Collaboration Required in K-12 Education Reform
Promotion of education policy that takes from students without adequate facts is irresponsible
Children across Pennsylvania fear for their safety every day – they are harmed by those around them, aren’t fed adequately, are cold and have to wear their coat through the day; the ceiling is falling in, there’s lead paint or asbestos, or the plumbing doesn’t work; they just “exist” day after day until they can leave. That’s a bleak and painful picture. No child should have to endure an environment such as that, right? But yet many do, courtesy of our education system.
In the last two weeks, I have listened to two radio shows hosting Eugene DePasquale and Rob Gleason, who pointedly discussed what they see as a detriment to K-12 education as a whole – cyber charter schools. As a parent whose children have attended private, district, and cyber charter schools over the years, I well know the need for options in education for children for a vast variety of reasons. It’s true that we have many wonderful districts in Pennsylvania – you need only to look at the Future Ready Index, or a variety of other ranking websites, to find them – but no single educational model will ever suffice for every child. Regardless of the particular student issue, whether crumbling buildings, bullying, test scores, or any other reason, children should have the ability to escape an adverse education environment.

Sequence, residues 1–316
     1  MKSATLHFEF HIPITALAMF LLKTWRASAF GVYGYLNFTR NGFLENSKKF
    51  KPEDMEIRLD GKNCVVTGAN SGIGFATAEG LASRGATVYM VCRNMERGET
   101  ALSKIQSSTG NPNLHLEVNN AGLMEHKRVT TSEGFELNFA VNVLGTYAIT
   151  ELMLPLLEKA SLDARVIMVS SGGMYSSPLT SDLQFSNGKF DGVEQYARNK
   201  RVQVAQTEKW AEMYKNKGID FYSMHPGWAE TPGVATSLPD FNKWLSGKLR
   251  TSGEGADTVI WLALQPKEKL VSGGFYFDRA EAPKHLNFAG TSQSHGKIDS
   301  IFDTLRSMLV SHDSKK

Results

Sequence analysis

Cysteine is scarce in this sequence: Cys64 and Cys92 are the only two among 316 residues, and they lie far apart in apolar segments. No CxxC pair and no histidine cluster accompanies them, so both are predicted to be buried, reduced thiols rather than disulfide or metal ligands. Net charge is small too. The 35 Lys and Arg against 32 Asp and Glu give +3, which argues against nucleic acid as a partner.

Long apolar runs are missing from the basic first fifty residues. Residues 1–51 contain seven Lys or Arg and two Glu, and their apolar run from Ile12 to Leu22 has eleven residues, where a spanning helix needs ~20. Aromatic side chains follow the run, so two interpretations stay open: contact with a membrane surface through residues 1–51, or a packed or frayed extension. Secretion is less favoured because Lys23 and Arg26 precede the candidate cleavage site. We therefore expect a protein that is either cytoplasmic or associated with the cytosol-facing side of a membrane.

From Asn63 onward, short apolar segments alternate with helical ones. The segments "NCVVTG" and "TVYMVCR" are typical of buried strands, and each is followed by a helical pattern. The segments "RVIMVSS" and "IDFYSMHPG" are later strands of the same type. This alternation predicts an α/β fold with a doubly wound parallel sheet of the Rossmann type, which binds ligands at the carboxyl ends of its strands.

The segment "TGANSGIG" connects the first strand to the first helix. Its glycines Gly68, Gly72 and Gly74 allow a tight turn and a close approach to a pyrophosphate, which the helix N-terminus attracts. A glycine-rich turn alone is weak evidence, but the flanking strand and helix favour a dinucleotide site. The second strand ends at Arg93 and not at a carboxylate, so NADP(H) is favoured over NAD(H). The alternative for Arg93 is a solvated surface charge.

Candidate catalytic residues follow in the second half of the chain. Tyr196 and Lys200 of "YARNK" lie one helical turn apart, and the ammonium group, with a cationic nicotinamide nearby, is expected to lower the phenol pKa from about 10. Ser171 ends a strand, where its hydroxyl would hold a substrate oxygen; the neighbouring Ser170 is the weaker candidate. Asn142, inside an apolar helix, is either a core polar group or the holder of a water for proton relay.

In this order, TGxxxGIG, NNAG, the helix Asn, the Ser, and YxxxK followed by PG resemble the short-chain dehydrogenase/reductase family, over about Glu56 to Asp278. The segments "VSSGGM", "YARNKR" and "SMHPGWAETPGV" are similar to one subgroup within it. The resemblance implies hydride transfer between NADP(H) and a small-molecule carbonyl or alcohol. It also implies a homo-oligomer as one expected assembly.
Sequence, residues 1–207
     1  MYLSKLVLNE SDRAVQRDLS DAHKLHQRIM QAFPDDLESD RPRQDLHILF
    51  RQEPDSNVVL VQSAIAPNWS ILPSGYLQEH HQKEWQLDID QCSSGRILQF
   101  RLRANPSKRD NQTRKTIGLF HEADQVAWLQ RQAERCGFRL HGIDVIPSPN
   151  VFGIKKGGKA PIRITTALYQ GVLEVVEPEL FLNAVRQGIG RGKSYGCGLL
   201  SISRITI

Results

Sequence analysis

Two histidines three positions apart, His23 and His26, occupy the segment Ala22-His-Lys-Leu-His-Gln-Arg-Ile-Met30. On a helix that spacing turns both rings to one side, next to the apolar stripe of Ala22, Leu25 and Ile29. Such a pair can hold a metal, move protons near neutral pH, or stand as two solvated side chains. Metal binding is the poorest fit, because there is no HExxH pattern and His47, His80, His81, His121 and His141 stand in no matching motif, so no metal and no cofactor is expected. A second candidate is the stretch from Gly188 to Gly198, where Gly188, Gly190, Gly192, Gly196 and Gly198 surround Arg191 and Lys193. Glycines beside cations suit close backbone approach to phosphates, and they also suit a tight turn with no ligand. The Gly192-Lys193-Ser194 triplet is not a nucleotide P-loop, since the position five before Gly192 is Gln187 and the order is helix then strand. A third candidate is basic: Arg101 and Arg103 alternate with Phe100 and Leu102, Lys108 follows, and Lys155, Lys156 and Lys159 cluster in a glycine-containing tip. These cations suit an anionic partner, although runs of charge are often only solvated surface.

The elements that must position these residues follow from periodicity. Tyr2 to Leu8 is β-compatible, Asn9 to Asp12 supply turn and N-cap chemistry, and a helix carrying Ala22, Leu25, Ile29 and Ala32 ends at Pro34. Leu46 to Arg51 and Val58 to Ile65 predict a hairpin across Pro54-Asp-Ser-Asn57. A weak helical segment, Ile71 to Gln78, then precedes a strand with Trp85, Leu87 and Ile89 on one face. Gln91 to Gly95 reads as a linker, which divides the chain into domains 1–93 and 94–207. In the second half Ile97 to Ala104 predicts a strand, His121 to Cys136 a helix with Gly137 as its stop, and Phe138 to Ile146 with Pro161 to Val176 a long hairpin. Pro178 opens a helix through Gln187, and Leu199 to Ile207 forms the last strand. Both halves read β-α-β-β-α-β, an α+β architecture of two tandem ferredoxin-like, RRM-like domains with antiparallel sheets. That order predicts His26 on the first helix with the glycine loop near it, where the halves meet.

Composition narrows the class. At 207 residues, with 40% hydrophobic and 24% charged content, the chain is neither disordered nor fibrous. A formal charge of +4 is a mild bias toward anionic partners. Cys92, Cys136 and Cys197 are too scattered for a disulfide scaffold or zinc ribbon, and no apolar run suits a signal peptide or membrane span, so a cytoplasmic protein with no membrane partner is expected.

Mr. DePasquale and Mr. Gleason detailed their rationale for pursuit of “reform” of the charter system with the anti-education choice establishment’s typical talking points, but many positions established were devoid of any acknowledgment of the inadequacies of the current education system that requires escape in the first place. Allow me to submit factual information, insight, and personal experience.
District cyber programming vs. cyber charter programming